The what and why of Protein in your diet

Posted on Monday, 6 May 2024

What is it? Why do we need it? How much do we need?

There is no dispute regarding the importance of protein in the human diet. Dietary protein provides the amino acids required for the building blocks in our body. They are essential for all our bodily functions – the growth and repair of our cells, particularly muscle, the health and integrity of our bones, blood, hair, skin, cartilage and hormones.

Some amino acids can be synthesised by the body, however 9 essential amino acids must be attained from our diet with animal sources containing all 9 in various ratios, while plant sources will have some of these essential aminos in different combinations.

How much do we need in our diet?

Much of the nutritional intake literature is outdated, currently advising a Recommended Daily Allowance (RDA) of 0.6-0.8 grams of protein per kilogram of body weight¹. The RDA is set to avoid deficiency and not optimise health. These recommendations also fail to consider physical activity levels and age, both of which impact our ability to retain protein balance. Physical activity and exercise requires protein for repair, recovery and muscle synthesis, while as we age, we become more resistant to utilising amino acids and therefore require more to meet daily requirements. The evidence is now stacking up to support the recommendations of 1-1.2g per kilogram of body weight, increasing to 1.2-1.5g per kilogram of body weight with physical activity and older adults, and up to 2g per kg body weight for individuals with high levels of activity, injuries, or chronic illnesses².

So for a someone who weighs 70kg, that would be a minimum of 70-84 grams of protein in their diet per day.

Spread it out…

There is mixed opinion regarding the optimal amount per meal or serve. Although there is no hard or fast rule, generally it is still recommended to space out your protein across the day with 20-30g per meal and with snacks. It’s not to say that if your meal has 50g of protein that you can only use 30g and the rest goes to waste, but it won’t provide a greater amount of muscle protein synthesis for those of you trying to bulk up.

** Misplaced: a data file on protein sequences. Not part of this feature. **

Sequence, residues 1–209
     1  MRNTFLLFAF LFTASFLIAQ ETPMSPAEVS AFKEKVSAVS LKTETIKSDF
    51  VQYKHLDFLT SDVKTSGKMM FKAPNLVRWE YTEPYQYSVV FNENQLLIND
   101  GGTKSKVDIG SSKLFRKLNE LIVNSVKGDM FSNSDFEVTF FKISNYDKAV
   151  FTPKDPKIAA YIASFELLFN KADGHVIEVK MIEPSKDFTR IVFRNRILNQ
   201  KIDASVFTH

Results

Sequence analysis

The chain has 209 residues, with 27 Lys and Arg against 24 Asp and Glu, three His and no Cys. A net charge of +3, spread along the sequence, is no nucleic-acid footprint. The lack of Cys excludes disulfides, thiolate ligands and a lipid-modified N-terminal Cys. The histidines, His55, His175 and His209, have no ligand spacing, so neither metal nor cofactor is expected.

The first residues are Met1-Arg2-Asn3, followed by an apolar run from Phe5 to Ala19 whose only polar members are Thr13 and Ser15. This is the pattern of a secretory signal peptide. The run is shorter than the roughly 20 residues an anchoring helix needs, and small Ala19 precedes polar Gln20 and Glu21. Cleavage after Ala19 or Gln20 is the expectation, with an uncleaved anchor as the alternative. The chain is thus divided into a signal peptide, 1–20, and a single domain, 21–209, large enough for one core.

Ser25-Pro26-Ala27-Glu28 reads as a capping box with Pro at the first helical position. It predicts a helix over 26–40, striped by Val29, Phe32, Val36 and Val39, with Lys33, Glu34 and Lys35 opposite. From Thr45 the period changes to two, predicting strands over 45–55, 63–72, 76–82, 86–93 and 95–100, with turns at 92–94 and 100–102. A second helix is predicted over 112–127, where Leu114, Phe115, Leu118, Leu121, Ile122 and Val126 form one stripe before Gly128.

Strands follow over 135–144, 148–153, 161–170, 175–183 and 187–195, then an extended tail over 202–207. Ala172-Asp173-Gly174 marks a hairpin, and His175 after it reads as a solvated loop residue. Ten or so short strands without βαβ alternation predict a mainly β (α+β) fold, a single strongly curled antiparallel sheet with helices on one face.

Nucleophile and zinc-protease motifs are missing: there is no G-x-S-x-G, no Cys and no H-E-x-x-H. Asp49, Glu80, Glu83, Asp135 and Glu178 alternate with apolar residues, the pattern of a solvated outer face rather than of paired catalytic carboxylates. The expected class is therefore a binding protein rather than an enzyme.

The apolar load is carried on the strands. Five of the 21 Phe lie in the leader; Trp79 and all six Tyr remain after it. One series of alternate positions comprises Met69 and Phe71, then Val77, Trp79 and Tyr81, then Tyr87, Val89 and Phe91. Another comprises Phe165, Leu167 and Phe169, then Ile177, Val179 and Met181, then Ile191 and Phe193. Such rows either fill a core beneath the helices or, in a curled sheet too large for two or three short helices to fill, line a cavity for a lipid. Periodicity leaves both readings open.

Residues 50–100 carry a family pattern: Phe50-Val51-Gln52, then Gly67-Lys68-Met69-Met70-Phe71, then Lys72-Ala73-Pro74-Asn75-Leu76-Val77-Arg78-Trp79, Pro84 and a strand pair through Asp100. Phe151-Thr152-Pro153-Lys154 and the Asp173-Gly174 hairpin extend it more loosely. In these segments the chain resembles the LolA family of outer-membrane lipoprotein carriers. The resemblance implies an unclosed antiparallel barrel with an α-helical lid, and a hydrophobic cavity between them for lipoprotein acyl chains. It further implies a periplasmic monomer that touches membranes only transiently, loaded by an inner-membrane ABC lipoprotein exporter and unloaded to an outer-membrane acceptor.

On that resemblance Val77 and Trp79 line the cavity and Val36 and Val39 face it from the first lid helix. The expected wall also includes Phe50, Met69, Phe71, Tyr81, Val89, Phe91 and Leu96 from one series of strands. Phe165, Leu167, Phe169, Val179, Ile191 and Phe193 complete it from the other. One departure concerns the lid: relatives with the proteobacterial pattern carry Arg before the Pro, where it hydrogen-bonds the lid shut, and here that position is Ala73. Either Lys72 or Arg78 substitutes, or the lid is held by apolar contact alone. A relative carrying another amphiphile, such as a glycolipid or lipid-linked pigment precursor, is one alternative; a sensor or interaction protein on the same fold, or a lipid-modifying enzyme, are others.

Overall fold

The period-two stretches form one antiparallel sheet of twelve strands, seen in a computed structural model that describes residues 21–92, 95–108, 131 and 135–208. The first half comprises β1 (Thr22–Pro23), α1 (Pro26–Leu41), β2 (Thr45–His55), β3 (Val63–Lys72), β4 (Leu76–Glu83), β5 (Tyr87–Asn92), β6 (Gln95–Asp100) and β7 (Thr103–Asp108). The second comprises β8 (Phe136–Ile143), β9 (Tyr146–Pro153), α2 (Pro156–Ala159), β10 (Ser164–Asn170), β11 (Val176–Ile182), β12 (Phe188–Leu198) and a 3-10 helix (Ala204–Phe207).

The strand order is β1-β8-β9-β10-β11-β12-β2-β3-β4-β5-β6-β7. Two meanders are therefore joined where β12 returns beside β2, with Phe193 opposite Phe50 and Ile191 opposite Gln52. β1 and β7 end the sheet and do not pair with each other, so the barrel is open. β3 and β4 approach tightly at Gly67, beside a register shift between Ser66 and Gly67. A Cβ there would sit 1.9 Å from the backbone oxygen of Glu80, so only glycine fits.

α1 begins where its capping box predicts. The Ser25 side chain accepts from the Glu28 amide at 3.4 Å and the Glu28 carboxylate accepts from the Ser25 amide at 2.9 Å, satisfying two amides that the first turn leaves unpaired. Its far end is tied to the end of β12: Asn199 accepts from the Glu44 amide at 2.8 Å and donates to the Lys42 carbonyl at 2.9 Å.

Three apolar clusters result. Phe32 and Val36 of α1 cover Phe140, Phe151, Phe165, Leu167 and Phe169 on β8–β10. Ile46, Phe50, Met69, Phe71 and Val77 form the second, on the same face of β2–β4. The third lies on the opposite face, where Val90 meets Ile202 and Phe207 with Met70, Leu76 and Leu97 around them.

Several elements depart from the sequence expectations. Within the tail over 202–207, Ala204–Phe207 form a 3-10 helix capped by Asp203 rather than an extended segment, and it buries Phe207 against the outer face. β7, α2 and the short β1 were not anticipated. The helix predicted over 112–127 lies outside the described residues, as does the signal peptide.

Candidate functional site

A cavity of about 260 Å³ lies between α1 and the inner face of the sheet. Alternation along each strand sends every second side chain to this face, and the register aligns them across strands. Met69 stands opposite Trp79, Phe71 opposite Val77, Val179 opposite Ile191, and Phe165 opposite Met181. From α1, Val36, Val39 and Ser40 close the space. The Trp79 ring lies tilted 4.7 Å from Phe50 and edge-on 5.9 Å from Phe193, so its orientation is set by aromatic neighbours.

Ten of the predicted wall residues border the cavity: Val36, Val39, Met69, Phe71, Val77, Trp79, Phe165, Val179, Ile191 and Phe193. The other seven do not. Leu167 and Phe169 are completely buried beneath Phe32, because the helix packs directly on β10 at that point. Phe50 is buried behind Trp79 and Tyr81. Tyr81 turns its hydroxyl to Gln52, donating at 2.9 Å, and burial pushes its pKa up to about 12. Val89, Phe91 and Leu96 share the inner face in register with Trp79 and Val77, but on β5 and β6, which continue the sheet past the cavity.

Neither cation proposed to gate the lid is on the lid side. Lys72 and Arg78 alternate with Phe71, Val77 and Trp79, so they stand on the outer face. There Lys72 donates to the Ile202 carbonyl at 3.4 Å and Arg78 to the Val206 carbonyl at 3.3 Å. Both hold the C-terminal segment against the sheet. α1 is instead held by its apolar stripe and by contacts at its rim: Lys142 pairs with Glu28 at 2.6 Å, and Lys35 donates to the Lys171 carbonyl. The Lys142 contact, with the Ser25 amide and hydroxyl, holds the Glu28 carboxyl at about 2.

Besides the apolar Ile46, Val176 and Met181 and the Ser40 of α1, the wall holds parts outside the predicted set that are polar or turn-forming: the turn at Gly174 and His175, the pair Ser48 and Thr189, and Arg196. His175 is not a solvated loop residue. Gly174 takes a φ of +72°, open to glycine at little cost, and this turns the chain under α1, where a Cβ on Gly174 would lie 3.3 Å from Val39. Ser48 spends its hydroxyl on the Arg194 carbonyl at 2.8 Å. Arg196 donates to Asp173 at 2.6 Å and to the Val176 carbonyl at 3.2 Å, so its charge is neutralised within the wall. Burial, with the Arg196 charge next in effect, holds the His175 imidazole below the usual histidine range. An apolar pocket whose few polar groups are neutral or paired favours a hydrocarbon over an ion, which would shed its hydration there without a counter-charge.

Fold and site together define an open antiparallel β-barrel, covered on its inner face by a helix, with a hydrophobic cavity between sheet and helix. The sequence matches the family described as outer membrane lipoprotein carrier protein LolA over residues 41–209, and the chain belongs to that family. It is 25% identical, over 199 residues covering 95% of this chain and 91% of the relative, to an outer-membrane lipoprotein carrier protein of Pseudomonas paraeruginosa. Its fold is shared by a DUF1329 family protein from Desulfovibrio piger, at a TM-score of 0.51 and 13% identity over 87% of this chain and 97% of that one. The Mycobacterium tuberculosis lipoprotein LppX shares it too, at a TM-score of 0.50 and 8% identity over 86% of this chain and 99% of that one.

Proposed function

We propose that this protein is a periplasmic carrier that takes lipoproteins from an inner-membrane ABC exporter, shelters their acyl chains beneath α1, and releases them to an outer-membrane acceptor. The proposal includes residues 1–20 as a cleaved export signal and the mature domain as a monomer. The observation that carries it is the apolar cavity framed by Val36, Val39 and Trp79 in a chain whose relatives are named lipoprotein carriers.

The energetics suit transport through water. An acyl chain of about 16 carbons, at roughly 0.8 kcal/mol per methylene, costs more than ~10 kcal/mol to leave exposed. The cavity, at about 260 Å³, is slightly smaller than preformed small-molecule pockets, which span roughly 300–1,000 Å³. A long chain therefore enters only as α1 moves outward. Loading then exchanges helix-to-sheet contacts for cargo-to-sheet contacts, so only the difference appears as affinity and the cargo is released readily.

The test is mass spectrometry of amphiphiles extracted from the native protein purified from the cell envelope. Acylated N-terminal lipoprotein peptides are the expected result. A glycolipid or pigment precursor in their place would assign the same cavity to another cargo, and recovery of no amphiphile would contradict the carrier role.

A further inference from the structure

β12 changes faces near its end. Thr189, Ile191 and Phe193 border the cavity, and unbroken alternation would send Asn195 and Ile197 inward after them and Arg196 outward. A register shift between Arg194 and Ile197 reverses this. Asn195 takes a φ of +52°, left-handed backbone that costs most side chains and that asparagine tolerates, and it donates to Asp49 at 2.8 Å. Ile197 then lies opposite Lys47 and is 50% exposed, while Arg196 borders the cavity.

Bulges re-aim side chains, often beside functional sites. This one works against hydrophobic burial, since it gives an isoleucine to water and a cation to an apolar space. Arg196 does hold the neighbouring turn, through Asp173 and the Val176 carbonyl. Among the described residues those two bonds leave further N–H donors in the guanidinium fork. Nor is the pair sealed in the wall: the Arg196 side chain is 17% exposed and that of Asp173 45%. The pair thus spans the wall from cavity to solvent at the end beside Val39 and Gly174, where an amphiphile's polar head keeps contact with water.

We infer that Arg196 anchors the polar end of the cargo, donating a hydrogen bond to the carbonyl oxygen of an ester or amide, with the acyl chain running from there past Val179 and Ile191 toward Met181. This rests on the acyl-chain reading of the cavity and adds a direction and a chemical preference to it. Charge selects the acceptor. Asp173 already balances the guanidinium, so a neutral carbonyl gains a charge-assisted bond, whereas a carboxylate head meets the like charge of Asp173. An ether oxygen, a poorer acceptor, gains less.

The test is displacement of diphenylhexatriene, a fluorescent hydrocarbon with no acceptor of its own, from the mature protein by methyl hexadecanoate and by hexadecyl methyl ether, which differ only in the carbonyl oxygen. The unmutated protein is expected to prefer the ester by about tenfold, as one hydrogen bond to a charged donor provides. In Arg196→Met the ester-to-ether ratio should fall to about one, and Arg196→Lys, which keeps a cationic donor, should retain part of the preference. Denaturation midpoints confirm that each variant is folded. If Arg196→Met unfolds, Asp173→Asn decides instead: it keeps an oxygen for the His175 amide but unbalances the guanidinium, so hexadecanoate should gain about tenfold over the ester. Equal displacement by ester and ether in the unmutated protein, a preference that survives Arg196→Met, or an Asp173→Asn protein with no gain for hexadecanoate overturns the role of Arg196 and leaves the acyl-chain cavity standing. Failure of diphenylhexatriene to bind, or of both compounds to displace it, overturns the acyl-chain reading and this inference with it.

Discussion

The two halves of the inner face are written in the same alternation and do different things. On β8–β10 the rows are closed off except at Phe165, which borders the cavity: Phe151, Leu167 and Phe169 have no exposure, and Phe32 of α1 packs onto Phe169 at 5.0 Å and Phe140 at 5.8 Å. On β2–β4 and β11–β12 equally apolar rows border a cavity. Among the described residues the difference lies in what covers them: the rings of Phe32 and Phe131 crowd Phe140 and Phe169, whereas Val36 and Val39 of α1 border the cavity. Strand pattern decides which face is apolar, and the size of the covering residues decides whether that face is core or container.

Think about planning your meal with protein in mind first then add in your other macronutrients – carbohydrate and fats around this.

Breakfast – 2 eggs (12g); 1 Cup Milk (11g); 1 serve almonds (6g) – total 29g

Lunch – 100g chicken, beef, lamb, pork (lean, cooked) – 30g

Dinner – 150g fish (33g); ½ cup chickpeas (5g) – total 38g

Snacks – 150g Greek yoghurt (high protein variety) 15g; 1 slice bread with 1 tablespoon Peanut Butter 9g.

Although it’s always recommended to get all your nutrient requirements from food, sometimes supplements such as a protein shake can be quick, convenient and ensure you’re hitting those daily targets when life gets a little hectic.

So next time you’re creating your meal plan or thinking about what you’ll have for dinner, prioritise your protein. Your body right down to every cell will thank you for it!


  1. Murphy SP, Yates AA, Atkinson SA, Barr SI, Dwyer J. History of Nutrition: The Long Road Leading to the Dietary Reference Intakes for the United States and Canada. Adv Nutr. 2016 Jan;7(1):157-68. doi: 10.3945/an.115.010322. PMID: 27180379; PMCID: PMC4717892.


  1. Lonnie M, Hooker E, Brunstrom JM, Corfe BM, Green MA, Watson AW, Williams EA, Stevenson EJ, Penson S, Johnstone AM. Protein for Life: Review of Optimal Protein Intake, Sustainable Dietary Sources and the Effect on Appetite in Ageing Adults. Nutrients. 2018 Mar 16;10(3):360. doi: 10.3390/nu10030360. PMID: 29547523; PMCID: PMC5872778.

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